CONTEXT: The World Health Organization recommends that contraceptives be offered on the day of a uterine evacuation procedure (i.e., induced abortion or postabortion care for an incomplete abortion). Short-acting methods can be initiated on the day of the uterine evacuation, regardless of procedure type. METHODS: Survey data from a facility-based sample of 479 Bangladeshi women aged 18–49 who did not intend to become pregnant in the four months following their uterine evacuation were used to examine women’s choice of short-acting contraceptive methods (pill, condoms or injectable). Service delivery correlates of contraceptive choice were identified using sequential logistic regression models. RESULTS: Seventy-three percent of women chose a short-acting contraceptive method on the day of their uterine evacuation. The odds that a woman chose a short-acting method, rather than no method, were lower among those who had had a medication abortion (odds ratio, 0.1) or dilatation and curettage (0.3) than among those who had had a vacuum aspiration. The likelihood that a woman chose a specific type of short-acting method varied according to the type of uterine evacuation she had had, the facility level and the governmental or nongovernmental entity that managed the facility. CONCLUSIONS: Uterine evacuation service delivery characteristics may act as barriers to women’s choosing a contraceptive method following an abortion. Training and monitoring providers may help ensure that all uterine evacuation clients have access to the full range of contraceptive information and services and that their choices, rather than service delivery factors, drive postabortion contraceptive use.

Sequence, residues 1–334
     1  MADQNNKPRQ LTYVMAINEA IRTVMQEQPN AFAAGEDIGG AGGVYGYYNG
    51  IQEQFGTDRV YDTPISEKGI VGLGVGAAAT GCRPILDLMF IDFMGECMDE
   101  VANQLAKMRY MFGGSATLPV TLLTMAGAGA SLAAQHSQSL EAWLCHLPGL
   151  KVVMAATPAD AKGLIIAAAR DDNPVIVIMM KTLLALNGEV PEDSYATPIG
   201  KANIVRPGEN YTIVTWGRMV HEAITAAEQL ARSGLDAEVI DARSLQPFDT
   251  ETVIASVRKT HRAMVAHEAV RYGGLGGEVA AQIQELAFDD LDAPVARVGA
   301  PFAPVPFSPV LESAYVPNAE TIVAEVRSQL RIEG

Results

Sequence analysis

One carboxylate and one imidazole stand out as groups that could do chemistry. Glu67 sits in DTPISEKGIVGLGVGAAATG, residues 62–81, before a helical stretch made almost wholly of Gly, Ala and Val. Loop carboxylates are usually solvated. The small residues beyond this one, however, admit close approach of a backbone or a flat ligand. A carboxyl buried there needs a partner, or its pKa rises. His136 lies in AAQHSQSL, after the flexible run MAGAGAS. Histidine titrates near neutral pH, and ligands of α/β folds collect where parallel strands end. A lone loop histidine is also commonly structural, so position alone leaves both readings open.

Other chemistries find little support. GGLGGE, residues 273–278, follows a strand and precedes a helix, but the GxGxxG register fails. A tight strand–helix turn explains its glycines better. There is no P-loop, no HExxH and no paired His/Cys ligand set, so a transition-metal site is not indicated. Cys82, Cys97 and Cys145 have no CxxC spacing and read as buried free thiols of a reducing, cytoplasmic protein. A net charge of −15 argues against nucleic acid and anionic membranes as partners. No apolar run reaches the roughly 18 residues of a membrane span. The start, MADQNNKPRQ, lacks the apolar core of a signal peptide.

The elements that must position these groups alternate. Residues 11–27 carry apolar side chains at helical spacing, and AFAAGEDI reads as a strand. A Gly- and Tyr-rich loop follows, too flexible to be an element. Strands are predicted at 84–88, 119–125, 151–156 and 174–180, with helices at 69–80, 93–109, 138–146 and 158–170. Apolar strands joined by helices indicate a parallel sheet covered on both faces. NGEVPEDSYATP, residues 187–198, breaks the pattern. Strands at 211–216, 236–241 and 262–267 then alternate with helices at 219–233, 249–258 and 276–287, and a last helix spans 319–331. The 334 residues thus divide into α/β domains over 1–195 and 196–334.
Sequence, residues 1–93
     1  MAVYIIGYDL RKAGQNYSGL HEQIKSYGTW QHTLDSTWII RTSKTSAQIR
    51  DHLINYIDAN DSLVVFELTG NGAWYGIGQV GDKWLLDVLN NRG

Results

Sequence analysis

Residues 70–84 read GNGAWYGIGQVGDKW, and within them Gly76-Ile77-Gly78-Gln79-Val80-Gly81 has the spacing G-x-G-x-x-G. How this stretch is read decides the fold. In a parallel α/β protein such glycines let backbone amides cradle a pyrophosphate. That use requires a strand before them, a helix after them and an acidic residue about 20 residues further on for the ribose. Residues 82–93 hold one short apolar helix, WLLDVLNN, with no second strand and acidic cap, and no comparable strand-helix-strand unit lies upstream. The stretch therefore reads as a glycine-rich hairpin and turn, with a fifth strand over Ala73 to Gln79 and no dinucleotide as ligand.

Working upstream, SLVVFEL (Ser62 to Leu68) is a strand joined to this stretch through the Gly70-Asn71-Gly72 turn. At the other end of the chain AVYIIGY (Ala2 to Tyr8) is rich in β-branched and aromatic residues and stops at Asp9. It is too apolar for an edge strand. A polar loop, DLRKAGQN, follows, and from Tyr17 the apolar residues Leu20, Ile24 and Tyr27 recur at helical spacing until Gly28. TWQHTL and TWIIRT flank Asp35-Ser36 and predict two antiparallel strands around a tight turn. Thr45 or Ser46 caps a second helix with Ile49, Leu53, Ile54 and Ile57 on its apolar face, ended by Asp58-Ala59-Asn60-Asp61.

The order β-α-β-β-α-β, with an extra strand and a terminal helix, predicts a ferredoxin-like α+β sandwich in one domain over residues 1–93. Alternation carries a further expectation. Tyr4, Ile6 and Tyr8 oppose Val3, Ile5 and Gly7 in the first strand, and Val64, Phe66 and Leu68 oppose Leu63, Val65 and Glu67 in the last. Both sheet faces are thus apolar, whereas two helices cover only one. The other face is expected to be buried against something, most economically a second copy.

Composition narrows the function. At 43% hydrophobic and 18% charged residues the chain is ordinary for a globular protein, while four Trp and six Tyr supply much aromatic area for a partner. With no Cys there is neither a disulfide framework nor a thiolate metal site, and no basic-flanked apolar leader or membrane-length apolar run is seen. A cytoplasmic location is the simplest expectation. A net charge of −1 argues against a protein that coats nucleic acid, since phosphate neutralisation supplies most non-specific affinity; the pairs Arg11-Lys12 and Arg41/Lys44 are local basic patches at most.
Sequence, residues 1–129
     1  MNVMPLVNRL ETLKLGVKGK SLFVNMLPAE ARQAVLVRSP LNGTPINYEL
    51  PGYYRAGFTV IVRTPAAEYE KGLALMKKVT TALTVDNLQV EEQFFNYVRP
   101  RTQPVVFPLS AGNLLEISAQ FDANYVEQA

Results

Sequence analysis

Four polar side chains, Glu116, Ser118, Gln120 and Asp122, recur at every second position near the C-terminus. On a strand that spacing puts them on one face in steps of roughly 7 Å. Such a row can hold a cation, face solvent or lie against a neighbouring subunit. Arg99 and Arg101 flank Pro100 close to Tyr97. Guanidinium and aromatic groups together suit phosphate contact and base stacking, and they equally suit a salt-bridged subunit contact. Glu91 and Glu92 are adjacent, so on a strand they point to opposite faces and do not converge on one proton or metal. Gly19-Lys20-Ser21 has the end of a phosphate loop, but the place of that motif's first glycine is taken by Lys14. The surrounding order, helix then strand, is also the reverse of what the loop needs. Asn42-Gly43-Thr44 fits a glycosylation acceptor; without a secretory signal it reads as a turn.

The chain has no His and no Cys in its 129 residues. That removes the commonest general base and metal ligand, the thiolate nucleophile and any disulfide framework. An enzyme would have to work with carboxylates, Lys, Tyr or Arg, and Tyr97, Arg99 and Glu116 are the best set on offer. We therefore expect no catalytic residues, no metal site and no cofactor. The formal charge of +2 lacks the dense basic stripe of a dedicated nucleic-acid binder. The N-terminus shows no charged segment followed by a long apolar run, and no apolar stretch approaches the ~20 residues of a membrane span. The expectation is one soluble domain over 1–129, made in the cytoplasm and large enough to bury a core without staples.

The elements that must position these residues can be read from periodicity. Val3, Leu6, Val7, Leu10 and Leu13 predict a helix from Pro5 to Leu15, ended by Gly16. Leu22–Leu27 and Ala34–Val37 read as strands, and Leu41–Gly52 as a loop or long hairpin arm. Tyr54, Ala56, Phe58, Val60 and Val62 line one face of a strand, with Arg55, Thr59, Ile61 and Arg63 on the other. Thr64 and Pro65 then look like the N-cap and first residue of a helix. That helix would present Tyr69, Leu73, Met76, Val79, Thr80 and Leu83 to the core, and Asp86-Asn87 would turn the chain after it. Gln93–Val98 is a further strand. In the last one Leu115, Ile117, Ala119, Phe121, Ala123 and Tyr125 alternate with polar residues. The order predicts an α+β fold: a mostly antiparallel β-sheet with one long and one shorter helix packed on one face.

|Original language||English (US)|
|Number of pages||8|
|Journal||International perspectives on sexual and reproductive health|
|State||Published - Jun 2017|
ASJC Scopus subject areas
- Geography, Planning and Development
- Public Health, Environmental and Occupational Health